Networking practices and networking cultures

Research output: Chapter in Book/Report/Conference proceedingChapter (peer-reviewed)peer-review


Scholars and practitioners have long acknowledged the role of networks and networking in the entrepreneurship process. Entrepreneurs depend on their social networks to gather the knowledge and resources necessary to start and grow a new firm and empirical evidence suggests that entrepreneurs with larger and more diverse networks are more likely to survive and prosper. However, researchers have typically seen networking by entrepreneurs as an instrumental practice designed to help their firm rather than as a social activity embedded in regional and industrial cultural structures. This chapter employs a Bourdieuian framework to study the networking practices of entrepreneurs in two Canadian cities in order to draw out the cultural embeddedness of networking practices.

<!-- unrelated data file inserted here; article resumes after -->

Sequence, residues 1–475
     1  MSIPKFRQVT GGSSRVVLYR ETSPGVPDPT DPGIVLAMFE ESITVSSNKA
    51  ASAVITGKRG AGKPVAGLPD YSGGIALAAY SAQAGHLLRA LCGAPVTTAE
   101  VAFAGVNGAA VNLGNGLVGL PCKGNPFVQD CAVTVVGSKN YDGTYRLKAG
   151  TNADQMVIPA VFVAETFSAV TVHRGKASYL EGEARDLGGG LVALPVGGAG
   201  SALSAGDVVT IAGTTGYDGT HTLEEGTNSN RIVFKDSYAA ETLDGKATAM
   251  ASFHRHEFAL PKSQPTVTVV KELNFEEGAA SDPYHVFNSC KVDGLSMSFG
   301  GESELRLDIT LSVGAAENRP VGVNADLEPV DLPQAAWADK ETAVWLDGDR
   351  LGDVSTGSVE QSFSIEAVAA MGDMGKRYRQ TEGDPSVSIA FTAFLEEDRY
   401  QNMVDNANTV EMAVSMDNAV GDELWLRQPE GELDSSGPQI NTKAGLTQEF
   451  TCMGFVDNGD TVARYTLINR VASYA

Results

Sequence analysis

Original languageEnglish
Title of host publicationGeographies of Entrepreneurship
EditorsElizabeth A. Mack, Haifeng Qian
ISBN (Print)978-1-13-892106-1
Publication statusPublished - 4 Apr 2016

Publication series

NameRoutledge Studies in Human Geography


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